Waiting for Yesteryears: An ethnographic exploration of ecological nostalgia in the contemporary Dutch intangible cultural heritage context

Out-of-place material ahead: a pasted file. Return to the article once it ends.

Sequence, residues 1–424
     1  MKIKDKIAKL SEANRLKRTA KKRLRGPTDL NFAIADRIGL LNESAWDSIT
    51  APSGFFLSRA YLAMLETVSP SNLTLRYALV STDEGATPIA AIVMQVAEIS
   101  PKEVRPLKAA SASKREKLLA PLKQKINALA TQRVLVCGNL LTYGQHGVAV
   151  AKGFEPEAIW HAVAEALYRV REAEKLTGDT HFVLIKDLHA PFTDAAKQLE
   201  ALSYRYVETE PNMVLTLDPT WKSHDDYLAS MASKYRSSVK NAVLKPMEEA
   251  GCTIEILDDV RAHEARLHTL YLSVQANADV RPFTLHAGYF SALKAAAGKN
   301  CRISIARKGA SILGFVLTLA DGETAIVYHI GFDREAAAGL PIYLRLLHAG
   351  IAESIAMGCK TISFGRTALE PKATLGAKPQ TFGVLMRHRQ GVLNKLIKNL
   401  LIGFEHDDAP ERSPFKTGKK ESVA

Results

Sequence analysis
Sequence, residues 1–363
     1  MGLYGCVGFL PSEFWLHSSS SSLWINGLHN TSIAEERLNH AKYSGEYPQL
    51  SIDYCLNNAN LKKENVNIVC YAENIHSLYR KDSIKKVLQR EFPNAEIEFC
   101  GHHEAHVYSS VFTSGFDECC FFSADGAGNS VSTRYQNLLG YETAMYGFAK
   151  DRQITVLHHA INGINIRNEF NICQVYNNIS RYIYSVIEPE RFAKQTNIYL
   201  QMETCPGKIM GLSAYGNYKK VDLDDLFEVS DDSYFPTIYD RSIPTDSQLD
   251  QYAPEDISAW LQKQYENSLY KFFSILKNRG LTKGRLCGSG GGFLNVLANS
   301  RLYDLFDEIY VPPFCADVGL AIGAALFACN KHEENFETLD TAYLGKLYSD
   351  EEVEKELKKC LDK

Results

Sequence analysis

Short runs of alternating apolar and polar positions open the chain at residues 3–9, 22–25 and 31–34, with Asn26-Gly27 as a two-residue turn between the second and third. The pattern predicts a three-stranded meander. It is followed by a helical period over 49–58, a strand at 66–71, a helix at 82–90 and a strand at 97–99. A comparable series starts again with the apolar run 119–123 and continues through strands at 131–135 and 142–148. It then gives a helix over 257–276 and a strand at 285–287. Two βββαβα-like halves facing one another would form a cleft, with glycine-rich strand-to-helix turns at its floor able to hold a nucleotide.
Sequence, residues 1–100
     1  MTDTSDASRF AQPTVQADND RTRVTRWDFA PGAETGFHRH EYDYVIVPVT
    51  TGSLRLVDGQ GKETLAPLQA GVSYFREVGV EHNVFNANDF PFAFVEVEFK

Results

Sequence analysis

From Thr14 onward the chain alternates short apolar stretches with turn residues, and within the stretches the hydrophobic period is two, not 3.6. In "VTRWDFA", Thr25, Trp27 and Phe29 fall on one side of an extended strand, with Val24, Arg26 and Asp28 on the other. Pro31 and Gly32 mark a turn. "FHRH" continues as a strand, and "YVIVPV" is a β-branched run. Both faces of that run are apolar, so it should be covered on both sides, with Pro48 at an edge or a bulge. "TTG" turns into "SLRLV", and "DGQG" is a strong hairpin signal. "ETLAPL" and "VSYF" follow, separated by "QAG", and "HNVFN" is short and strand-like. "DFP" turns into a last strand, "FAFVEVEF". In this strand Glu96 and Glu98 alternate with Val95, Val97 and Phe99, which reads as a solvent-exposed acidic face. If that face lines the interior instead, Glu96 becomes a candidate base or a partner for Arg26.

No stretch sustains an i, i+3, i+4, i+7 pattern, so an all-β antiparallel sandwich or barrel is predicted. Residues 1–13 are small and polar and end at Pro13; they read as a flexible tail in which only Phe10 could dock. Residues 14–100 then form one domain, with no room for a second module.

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"This research project focusses on the Dutch national intangible heritage of ice-skating on natural ice, with the Eleven Cities Tour as its summum, during times of climate change. The last Eleven Cities Tour was held 24 years ago on February 14th 1997, which marks the longest drought ever between tours. While this intangible heritage is becoming more rare, it is certainly not yet perceived to be lost. In popular imaginary it is even very much alive. By adopting ecological nostalgia as an analytical lens, this thesis investigates the interplay between climate change and intangible heritage. Ecological nostalgia provides a potent way to study how people navigate possible loss due to climate change and how heritage transforms in this process. By exploring ecological nostalgias in the contemporary intangible heritage context of the Netherlands, and more specifically in the province of Friesland, I have uncovered how people position themselves in (climate) history and how they orient oneself to the future. During 3 months of fieldwork in Friesland I have spoken to those who stand to lose their heritage, about its meaning, transformation, their worries and hopes. I have studied why people ought to wait on something that might never happen again and how this heritage transforms due to climate change. Furthermore, my study provides insights in the temporal orientations that form people’s ideas, actions and social relationships through engagements in and with time. For many of my interlocutors, ice-skating has become the embodiment of a more social, freer and healthier world in which people are more connected to nature and perhaps even a bit more eased. This is what the Eleven Cities Tour as the ultimate expression of the Dutch ice culture has come to represent. "